These Facts are taken from the Comment. of Cæsar, lib. 3. & 4. Dion. Lib. xiij. Plut. in the Life of Pompey and Cæsar; which Authors affirm, that Ptolomey was vanquish’d by Cæsar, and slain in Battle; but how, was uncertain.

Whereupon it was thought necessary in the present Drama to make Sestus the Instrument of Ptolomey’s Death in Revenge for his Father’s Murder, varying from History only in Circumstances of Action.

GIULIO CESARE In Egitto. DRAMA Da Rappresentarsi Nel REGGIO TEATRO di HAY-MARKET, per La Reale Accademia di Musica, 3-4 (London: Tomaso Wood nella Piccola Bretagna, 1724).


Act One

The victorious general Julius Cæsar is welcomed with jubilation. He accords Cornelia, Pompey's wife, and their son Sestus, his respect, and is prepared to make peace with his opponent.

In order to win Cæsar's favour, the Egyptian king Ptolemy sends his general Achilla to present Cæsar with the head of Pompey who has been murdered. Cæsar is outraged by this deed.

Cornelia laments the death of her husband; Sestus swears to avenge his father's murder.

Cleopatra, Ptolemy's sister, as first-born child considers herself to be the legitimate ruler of Egypt. She is intent on winning Cæsar's affections in order to gain the throne.

Achilla tells Ptolemy of Cæsar's anger over Pompey's murder. He is prepared to murder Cæsar as well on condition that he be allowed to wed Cornelia. Ptolemy agrees to the bargain.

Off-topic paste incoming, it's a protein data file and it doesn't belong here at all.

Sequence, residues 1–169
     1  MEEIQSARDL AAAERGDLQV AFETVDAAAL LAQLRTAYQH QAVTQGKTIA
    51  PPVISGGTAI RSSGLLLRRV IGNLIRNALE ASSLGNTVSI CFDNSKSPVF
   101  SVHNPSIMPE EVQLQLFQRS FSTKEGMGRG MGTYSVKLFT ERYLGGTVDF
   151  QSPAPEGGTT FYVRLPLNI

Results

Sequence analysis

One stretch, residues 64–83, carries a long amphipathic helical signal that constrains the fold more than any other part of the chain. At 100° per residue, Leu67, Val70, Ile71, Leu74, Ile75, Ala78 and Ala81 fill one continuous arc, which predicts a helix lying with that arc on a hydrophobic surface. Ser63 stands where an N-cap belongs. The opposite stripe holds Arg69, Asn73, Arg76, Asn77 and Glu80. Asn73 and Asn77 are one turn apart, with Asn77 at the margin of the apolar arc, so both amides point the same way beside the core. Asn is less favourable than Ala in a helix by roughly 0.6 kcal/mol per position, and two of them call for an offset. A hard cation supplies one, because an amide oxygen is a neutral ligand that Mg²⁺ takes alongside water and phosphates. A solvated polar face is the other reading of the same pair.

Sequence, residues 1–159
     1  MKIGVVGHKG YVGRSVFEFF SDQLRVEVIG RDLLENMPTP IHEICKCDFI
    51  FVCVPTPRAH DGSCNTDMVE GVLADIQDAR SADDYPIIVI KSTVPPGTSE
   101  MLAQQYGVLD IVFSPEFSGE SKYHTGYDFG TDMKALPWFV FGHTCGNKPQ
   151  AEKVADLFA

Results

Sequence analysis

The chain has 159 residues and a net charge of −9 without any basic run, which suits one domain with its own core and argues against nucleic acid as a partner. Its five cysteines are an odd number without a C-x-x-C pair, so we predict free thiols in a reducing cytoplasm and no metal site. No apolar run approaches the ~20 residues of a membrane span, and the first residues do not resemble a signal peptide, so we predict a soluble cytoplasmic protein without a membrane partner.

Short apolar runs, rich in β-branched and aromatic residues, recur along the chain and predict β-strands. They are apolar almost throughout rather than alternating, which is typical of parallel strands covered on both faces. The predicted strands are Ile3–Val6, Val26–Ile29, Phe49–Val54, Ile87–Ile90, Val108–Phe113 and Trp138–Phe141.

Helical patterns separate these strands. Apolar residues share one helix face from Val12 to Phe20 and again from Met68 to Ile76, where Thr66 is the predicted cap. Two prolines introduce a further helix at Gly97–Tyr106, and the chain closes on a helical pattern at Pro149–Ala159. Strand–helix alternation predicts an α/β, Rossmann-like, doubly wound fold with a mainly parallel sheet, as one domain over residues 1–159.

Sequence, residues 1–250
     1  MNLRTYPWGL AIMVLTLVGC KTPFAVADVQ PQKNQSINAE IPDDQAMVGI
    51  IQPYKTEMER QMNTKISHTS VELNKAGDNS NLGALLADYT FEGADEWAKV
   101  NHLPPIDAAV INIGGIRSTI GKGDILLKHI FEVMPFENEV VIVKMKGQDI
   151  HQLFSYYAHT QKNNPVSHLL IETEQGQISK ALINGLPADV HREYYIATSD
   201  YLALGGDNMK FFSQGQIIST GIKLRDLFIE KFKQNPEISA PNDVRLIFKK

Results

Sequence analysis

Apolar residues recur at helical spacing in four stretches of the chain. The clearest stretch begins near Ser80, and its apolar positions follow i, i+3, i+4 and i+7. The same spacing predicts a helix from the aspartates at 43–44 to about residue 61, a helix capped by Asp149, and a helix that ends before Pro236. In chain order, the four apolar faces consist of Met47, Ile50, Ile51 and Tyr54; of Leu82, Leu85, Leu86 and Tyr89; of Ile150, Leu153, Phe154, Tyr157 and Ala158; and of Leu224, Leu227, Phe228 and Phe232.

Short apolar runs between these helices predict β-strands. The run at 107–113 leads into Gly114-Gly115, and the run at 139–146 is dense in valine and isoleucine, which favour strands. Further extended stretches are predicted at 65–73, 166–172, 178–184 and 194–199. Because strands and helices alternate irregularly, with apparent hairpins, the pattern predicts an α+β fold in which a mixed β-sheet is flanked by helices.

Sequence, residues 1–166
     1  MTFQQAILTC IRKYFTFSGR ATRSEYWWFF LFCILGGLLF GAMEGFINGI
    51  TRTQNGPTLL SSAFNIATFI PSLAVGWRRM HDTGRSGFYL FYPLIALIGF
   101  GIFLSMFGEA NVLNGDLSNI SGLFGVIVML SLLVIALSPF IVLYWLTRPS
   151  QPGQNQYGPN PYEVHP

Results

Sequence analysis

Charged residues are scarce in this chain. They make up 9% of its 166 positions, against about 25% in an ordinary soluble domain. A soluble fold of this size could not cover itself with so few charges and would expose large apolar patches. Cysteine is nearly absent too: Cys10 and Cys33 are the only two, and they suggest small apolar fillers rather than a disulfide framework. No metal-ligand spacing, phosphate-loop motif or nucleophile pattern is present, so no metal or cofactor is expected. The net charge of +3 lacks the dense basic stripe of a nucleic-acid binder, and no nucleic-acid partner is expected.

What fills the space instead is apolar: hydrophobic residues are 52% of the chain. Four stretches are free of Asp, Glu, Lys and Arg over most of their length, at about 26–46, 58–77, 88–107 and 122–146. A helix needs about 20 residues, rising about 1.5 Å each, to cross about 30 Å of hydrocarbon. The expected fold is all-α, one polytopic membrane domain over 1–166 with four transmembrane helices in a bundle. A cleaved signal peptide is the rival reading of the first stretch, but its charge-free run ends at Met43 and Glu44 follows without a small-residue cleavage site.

Prompted by Pompey's death, Cæsar reflects on the pointlessness of life and fame. At this moment Cleopatra appears. She pretends to be Lidia, one of Cleopatra's servants, and asks Cæsar for support against Ptolemy. Cæsar is fascinated by her and promises help.

Cornelia is mourning the loss of her husband. Sestus wrests from her the sword with which she intends to kill Ptolemy. He considers this act of vengeance to be his right alone. Cleopatra has overheard their plans and promises to help them gain entry into the palace.

Cæsar meets Ptolemy. He reproaches the Egyptian for the murder of Pompey. Although Ptolemy appears to be hospitable, Cæsar senses danger and withdraws. Accompanied by his mother, Sestus has entered the palace and challenges Ptolemy to a duel, which the latter refuses to accept. Instead he condemns Cornelia to serve in his harem. Achilla promises her and her son freedom if she agrees to become his wife. Both indignantly reject this offer. Lamenting their fate, they part.

Act Two

Cleopatra has instructed her confidant Nirenus to bring Cæsar to her chambers, where she receives him, still in the guise of Lidia.